We have new numbers! The new income figures for California bankruptcy cases used in bankruptcy’s means test are out.
They become effective for cases filed after April 1, 2020.
The new median income numbers won’t create the same stir as the Powerball jackpot, but they are the starting place for people in need of relief from bills they can’t pay.
The means test divides debtors (the people who need debt relief) into two groups.
Those below the median state income get to file bankruptcy, no questions asked.
Those above the median income have to jump through another hoop, the means test, to determine if a government watchdog will claim their filing is “abusive”.
People above the median still get to file bankruptcy.
The means test just influences which chapters are available and what the debtor has to pay if they elect Chapter 13.
In our experience, a high percentage of people over the median income still qualify for Chapter 7 after they calculate their living expenses.
Bay Area median income
The means test looks at the median income by family size. The median for families in San Mateo, Santa Clara, Alameda, and Santa Cruz counties is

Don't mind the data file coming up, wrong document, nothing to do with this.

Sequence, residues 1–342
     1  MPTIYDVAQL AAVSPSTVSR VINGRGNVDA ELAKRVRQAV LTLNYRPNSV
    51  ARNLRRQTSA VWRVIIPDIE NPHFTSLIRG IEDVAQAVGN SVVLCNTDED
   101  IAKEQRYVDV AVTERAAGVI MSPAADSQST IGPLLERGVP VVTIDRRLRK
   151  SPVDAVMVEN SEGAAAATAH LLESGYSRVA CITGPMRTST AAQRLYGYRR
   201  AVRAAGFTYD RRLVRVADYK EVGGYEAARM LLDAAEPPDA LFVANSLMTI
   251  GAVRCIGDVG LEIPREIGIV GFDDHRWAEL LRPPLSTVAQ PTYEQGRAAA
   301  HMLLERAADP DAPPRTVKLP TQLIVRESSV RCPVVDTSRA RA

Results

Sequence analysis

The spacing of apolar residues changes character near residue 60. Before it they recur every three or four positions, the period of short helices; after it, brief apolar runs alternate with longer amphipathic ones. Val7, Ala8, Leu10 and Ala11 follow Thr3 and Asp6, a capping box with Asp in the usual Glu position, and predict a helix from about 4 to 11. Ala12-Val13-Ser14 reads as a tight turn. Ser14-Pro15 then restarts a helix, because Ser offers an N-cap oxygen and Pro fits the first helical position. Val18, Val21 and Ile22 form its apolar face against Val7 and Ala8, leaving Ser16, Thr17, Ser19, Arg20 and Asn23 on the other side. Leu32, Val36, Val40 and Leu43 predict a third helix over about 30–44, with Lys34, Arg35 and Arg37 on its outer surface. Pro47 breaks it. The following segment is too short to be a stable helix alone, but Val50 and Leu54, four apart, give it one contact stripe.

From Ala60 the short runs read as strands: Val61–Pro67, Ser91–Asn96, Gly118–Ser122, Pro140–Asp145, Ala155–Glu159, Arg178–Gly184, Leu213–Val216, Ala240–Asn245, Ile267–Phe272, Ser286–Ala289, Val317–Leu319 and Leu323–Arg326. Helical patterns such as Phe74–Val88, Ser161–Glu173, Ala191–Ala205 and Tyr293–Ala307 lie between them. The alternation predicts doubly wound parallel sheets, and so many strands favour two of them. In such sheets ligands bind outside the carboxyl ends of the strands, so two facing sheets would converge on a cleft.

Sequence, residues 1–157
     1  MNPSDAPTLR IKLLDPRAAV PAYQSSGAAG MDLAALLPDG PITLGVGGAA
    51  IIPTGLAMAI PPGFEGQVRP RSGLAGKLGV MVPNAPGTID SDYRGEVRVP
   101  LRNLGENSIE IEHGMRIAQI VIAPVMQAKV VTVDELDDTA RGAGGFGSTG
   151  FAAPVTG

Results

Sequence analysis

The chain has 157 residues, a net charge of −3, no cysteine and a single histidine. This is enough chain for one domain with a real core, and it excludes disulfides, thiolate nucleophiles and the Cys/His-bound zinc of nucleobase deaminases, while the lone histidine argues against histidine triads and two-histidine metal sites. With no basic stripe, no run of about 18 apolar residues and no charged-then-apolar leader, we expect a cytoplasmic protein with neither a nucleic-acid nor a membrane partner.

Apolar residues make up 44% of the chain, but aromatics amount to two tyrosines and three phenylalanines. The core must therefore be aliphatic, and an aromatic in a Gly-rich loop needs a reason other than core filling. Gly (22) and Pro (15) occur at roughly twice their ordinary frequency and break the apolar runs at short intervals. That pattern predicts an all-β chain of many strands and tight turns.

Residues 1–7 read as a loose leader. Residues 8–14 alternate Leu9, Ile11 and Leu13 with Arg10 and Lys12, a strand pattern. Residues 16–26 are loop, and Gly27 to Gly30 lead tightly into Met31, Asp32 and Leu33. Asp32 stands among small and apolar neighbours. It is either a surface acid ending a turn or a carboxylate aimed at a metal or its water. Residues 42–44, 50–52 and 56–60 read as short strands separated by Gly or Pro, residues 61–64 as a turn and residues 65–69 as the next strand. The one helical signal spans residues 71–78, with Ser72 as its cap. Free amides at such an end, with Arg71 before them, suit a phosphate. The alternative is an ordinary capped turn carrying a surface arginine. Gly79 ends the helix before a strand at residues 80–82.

- $60,360 for a family of one
- $79,271 for a family of two
- $88,235 for a family of three
- $101,315 for a family of four
For families larger than four, the median is increased by $9000 for each member above four.
While the median income figures are the same for all Bay Area counties, the deduction allowed for housing varies from county to county. This table shows county by county how much a California debtor can deduct from their income for the cost of housing a family of their size.
If you are above median
Lots of people above the median income pass the second part of the means test with flying colors.means test post, the high cost of housing in the Bay Area makes it relatively easy to pass the test.
All Congress managed to do by imposing a means test on bankruptcy is to drive up the cost to debtors for filling out a tedious form.